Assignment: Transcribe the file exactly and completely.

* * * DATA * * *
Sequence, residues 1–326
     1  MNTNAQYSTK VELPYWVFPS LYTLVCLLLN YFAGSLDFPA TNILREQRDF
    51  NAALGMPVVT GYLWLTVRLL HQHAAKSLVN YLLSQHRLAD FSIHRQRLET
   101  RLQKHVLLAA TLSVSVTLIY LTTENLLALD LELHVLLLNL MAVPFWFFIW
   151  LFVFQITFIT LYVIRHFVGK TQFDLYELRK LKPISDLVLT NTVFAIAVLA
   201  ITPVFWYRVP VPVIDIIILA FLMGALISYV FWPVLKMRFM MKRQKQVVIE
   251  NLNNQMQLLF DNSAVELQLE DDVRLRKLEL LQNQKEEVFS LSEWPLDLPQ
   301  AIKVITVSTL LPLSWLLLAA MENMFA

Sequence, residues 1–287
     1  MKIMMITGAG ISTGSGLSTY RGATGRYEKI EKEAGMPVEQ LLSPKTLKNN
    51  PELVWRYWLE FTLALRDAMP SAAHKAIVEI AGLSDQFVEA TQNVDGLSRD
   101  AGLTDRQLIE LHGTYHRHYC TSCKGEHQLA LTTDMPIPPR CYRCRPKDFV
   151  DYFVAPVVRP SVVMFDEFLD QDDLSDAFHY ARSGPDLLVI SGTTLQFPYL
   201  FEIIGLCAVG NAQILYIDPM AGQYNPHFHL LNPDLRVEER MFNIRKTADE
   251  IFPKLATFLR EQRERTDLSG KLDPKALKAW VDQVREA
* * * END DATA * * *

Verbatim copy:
Sequence, residues 1–326
     1  MNTNAQYSTK VELPYWVFPS LYTLVCLLLN YFAGSLDFPA TNILREQRDF
    51  NAALGMPVVT GYLWLTVRLL HQHAAKSLVN YLLSQHRLAD FSIHRQRLET
   101  RLQKHVLLAA TLSVSVTLIY LTTENLLALD LELHVLLLNL MAVPFWFFIW
   151  LFVFQITFIT LYVIRHFVGK TQFDLYELRK LKPISDLVLT NTVFAIAVLA
   201  ITPVFWYRVP VPVIDIIILA FLMGALISYV FWPVLKMRFM MKRQKQVVIE
   251  NLNNQMQLLF DNSAVELQLE DDVRLRKLEL LQNQKEEVFS LSEWPLDLPQ
   301  AIKVITVSTL LPLSWLLLAA MENMFA

Sequence, residues 1–287
     1  MKIMMITGAG ISTGSGLSTY RGATGRYEKI EKEAGMPVEQ LLSPKTLKNN
    51  PELVWRYWLE FTLALRDAMP SAAHKAIVEI AGLSDQFVEA TQNVDGLSRD
   101  AGLTDRQLIE LHGTYHRHYC TSCKGEHQLA LTTDMPIPPR CYRCRPKDFV
   151  DYFVAPVVRP SVVMFDEFLD QDDLSDAFHY ARSGPDLLVI SGTTLQFPYL
   201  FEIIGLCAVG NAQILYIDPM AGQYNPHFHL LNPDLRVEER MFNIRKTADE
   251  IFPKLATFLR EQRERTDLSG KLDPKALKAW VDQVREA